Particle Physics!
Chris Quigg

Wonderful opportunities await particle physics, with new instruments and experiments poised to explore the frontiers of high energy, infinitesimal distances, and exquisite rarity. We look forward to the Large Hadron Collider at CERN to explore the 1-TeV scale (extending efforts at LEP and the Tevatron to unravel the nature of electroweak symmetry breaking) and many initiatives to develop our understanding of the problem of identity: what makes an electron an electron and a top quark a top quark. Here I have in mind the work of the B factories and the hadron colliders on CP violation and the weak interactions of the b quark; the wonderfully sensitive experiments around the world on CP violation and rare decays of kaons; the prospect of definitive accelerator experiments on neutrino oscillations and the nature of the neutrinos; and a host of new experiments on the sensitivity frontier. We might even learn to read experiment for clues about the dimensionality of spacetime.

If we are inventive enough, we may be able to follow this rich menu with the physics opportunities offered by a linear electron-positron collider and by new-technology neutrino beams based on muon storage rings. I expect a remarkable flowering of experimental particle physics, and of theoretical physics that engages with experiment.

Experiments that use natural sources also hold great promise. We suspect that the detection of proton decay is only a few orders of magnitude away in sensitivity. Dark matter searches and astronomical observations should help to tell us what kinds of matter and energy make up the universe. The areas already under development include gravity wave detectors, neutrino telescopes, cosmic microwave background measurements, cosmic-ray observatories, gamma-ray astronomy, and large-scale optical surveys. Indeed, the whole complex of experiments and observations and interpretations that we call astro/cosmo/particle physics should enjoy a golden age.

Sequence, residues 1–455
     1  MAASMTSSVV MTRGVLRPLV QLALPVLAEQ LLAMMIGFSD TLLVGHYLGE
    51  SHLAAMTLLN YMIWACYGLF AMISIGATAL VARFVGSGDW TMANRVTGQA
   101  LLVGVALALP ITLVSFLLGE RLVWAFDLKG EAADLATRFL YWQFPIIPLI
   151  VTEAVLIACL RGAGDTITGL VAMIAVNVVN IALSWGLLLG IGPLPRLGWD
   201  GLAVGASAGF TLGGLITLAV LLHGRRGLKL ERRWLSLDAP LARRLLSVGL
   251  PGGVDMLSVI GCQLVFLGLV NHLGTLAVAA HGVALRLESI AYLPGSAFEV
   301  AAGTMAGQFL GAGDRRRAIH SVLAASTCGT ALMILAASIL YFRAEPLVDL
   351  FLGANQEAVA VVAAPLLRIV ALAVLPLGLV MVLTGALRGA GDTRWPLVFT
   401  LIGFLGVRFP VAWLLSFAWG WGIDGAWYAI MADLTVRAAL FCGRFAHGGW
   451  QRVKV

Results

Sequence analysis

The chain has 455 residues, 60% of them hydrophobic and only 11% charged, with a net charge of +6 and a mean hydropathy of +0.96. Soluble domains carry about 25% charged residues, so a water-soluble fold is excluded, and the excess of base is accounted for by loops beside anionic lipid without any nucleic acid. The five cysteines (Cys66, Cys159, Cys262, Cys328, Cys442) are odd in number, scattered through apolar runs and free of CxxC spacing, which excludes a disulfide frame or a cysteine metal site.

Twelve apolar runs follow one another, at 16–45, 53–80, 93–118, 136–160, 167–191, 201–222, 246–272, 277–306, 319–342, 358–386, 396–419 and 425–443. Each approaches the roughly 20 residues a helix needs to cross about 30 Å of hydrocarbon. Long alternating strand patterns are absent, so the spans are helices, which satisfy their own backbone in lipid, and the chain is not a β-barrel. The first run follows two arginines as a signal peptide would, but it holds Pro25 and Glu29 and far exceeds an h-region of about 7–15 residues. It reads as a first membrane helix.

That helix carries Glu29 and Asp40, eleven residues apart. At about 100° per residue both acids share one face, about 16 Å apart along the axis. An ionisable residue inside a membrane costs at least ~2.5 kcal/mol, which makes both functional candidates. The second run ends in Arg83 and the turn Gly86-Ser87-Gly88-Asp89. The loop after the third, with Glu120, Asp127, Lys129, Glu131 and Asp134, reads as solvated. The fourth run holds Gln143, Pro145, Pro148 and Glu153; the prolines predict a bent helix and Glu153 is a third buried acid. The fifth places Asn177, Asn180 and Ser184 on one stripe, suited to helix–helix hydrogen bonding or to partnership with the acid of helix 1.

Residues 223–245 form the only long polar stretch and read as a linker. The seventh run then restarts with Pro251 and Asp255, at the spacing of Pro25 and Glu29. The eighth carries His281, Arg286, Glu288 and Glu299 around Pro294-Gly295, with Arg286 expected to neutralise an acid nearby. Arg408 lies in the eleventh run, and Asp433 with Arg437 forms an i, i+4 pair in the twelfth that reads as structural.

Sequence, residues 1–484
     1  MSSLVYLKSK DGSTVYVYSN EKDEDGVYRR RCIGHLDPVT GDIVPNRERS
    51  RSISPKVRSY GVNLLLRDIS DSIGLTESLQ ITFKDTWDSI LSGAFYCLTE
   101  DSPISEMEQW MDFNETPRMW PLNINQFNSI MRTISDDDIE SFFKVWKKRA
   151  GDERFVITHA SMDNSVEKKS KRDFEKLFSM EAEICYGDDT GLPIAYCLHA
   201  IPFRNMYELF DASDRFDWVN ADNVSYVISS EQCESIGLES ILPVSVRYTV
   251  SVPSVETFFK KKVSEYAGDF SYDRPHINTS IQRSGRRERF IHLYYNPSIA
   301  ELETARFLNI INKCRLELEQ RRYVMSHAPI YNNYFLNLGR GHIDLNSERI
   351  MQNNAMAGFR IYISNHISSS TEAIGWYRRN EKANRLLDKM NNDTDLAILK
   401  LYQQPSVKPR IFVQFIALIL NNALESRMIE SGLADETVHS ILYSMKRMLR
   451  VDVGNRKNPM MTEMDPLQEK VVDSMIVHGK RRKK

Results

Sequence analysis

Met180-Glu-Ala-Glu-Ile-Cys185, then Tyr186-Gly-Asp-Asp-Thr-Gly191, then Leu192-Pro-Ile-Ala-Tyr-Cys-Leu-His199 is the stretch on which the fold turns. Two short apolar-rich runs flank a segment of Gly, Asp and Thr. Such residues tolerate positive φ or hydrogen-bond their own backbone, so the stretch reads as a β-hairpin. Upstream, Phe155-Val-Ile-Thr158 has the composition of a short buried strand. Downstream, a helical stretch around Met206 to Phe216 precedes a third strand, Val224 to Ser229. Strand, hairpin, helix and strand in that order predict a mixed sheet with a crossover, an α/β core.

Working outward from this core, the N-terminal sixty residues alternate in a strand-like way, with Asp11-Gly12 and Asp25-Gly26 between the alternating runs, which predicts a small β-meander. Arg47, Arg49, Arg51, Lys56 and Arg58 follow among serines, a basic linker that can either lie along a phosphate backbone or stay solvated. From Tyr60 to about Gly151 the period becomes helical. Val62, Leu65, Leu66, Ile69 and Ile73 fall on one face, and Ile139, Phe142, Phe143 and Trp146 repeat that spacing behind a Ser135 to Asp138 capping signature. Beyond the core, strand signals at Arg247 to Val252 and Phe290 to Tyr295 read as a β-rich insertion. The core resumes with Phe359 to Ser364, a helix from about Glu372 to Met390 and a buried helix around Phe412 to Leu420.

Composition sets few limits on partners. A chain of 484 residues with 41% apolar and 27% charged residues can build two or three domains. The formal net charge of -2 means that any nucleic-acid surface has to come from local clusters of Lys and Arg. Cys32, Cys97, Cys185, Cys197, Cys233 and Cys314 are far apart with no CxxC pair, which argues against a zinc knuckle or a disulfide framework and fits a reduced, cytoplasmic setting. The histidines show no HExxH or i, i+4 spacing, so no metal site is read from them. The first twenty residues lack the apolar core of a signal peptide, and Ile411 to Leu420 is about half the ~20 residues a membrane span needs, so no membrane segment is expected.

Our theories of the fundamental particles and the interactions among them are in a very provocative state. The standard model summarizes a simple and coherent understanding of an unprecedented range of natural phenomena, but our new understanding raises captivating new questions. In search of answers, we have made far-reaching speculations about the universe that may lead to revolutionary changes in our perception of the physical world, and our place in it. Truly, we are entering a remarkable age of exploration and new physics!

From my chapter, "Particles and the Standard Model," in The New Physics, edited by Gordon Fraser (Cambridge, 2006)